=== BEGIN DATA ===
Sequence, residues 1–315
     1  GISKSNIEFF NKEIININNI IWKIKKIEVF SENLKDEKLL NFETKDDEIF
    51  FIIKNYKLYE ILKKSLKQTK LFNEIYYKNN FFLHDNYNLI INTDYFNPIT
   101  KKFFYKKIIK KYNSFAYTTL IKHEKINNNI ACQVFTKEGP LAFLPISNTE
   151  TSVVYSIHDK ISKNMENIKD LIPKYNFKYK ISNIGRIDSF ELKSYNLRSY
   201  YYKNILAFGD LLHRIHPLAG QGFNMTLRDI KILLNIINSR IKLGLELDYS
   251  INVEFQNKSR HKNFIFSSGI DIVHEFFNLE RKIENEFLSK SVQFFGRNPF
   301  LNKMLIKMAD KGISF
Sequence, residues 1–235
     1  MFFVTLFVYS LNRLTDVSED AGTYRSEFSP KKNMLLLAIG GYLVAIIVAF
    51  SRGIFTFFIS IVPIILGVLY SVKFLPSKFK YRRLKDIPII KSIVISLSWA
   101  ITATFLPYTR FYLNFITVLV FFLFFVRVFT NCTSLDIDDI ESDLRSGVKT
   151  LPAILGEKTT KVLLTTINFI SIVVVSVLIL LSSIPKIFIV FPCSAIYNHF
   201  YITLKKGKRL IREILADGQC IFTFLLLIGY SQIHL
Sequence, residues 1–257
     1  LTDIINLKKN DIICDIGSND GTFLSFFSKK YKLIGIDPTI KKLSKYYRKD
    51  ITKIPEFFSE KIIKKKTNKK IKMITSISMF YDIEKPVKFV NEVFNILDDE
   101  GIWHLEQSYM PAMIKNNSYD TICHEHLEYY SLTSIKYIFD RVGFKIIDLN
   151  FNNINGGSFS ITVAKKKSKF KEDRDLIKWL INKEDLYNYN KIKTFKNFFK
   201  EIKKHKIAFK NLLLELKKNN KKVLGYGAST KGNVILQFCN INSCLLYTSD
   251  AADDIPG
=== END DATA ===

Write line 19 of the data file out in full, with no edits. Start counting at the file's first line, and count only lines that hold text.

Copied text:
   151  FNNINGGSFS ITVAKKKSKF KEDRDLIKWL INKEDLYNYN KIKTFKNFFK